Bonds: Our client’s bond positions are held in individual investment grade corporate bonds that are laddered in terms of maturity date. An individual bond position, held to maturity in a bond ladder, will be paid full face value upon maturity, absent default. Defaults in high grade corporate market are .002% over past 25 years. Higher yielding bonds, with higher interest income streams, are making bonds more attractive than they were less than two years ago. As mentioned previously, one needs to consider the impact that rising yields will have on a fixed income portfolio. This impact is magnified with longer duration portfolios.

Private Equity (PE): A traditional 60/40 weighted portfolio has not performed well in 2022. Coming into 2022, with storm clouds building, we looked to be proactive and overweight certain specific industry sectors, as well as add to alternatives and build up cash cushions. For our Accredited and Qualified Purchaser clients we have directed a significant percentage of their asset allocation into alternative investments. For a Qualified Investor an appropriate asset allocation should look different as we go through these market corrections. What this means is that an asset allocation of 25% Equity, 25% Bonds, 25% Alternatives and 25% Cash may be a more appropriate holding now than it had been in the past.

Private Equity has a lower correlation to equity market price movements and can add value and diversification. Our January 2022 newsletter provided some detail on this asset class and included two recommendations.
BREIT (Blackstone Real Estate Income Trust) which for the first four months of 2022 reported a total return of +6.0%.
BCRED (Blackstone Private Credit Fund through 3/31/22 had an annualized distribution yield of 7.8% and its ITD (Inception to Date Total Return) was 9.1%.

Each investor is different and adjusting one’s asset allocation is a detailed and private conversation that takes place between the investor and the advisor.

Please contact us if you would like to discuss, in more detail, these PE funds and or any of the other PE holdings the firm works with and to determine if this asset class is appropriate for your portfolio.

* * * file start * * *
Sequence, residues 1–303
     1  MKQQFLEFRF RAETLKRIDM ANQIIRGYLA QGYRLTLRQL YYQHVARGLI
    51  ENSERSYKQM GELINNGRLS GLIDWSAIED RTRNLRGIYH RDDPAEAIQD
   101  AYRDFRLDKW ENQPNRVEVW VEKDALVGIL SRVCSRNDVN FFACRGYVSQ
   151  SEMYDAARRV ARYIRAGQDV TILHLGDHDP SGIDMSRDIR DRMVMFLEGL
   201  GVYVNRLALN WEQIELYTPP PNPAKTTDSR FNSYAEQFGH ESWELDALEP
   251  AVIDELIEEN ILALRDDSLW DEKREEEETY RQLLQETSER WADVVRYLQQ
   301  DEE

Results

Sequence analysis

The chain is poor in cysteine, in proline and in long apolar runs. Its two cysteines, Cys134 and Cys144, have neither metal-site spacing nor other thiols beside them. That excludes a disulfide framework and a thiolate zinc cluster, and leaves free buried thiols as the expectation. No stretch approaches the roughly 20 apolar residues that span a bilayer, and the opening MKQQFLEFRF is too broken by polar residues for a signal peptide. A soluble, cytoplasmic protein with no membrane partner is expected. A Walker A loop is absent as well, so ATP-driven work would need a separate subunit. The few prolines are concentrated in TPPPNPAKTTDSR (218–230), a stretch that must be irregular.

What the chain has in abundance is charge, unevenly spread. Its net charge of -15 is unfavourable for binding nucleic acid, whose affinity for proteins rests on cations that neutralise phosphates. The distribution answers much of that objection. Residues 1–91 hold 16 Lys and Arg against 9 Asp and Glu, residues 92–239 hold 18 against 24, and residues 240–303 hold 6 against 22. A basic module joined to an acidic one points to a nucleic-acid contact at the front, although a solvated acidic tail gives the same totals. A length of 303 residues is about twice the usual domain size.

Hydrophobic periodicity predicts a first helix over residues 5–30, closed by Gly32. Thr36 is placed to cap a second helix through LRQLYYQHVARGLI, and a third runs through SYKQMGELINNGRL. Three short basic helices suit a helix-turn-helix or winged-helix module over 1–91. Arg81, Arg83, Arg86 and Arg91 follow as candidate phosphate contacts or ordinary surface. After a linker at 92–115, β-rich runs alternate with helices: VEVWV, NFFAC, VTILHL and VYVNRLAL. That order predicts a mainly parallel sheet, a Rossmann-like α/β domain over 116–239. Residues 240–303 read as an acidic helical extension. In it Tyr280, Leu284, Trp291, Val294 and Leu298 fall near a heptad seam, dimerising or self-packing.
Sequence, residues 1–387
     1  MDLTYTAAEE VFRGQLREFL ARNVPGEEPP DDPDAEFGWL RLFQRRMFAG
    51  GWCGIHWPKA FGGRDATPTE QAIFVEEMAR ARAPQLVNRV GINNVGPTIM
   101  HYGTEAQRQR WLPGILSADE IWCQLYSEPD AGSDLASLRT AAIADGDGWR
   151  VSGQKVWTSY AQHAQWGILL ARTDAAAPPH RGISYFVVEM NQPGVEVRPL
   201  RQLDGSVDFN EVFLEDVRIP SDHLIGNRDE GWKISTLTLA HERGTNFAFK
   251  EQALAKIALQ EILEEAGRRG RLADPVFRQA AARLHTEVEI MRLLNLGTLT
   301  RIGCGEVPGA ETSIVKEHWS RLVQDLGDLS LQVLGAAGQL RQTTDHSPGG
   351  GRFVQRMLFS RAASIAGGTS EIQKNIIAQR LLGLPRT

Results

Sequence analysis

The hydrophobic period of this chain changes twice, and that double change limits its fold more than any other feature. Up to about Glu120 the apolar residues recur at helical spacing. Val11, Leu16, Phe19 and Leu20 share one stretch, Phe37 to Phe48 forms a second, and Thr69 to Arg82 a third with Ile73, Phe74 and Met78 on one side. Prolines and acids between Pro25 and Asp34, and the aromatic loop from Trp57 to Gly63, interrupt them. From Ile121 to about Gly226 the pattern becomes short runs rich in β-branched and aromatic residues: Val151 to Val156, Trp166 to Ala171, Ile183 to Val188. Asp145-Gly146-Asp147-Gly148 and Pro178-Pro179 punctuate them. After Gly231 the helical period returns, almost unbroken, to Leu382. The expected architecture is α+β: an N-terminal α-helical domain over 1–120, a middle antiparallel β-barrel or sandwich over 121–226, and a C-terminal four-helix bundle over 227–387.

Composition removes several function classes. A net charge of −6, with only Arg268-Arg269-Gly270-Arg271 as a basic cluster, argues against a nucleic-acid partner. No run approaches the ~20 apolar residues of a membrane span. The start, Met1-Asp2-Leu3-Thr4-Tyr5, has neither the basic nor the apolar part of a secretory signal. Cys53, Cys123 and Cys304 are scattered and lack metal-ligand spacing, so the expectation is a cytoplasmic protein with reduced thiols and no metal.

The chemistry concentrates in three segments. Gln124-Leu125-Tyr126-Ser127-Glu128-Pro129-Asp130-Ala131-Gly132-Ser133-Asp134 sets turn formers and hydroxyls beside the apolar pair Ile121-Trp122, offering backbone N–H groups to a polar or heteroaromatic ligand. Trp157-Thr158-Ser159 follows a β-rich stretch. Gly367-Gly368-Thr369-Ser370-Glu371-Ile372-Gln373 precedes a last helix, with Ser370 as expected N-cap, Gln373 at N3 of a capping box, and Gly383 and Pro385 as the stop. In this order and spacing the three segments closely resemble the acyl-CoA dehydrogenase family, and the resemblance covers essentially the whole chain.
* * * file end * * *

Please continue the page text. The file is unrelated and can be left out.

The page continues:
https://www.breit.com/wp-content/uploads/sites/23/2022/05/BREIT-Quarterly-Update.pdf

End of Year 2021; Outlook for 2022 Newsletter

As an investor, having perspective beyond the recent market volatility and the latest news headline is important. Let’s look back to just twelve months ago. We began 2021 with a massive market disruption caused by a highly contagious virus that we did not fully understand. The rapid downward market spiral was tempered, surprisingly quickly, with news that multiple vaccines were being developed with high efficacy with the qualification that the vaccines would take time to develop and distribute. In early 2021 the way we worked, shopped, traveled, and spent time together had all changed. Fast forward to the end of year. Effective vaccines had been developed and had been made widely available. Schools reopened, workers headed back to the office and our lives started to return to a new “Normal”. As the world saw light at the end of the tunnel, the markets, to include equities, bonds, commodities and private equity continued their steady move upward. The equity markets ended the year with a remarkable gain of +20% for the Dow, +25% for the NASDAQ and +11% for the international markets.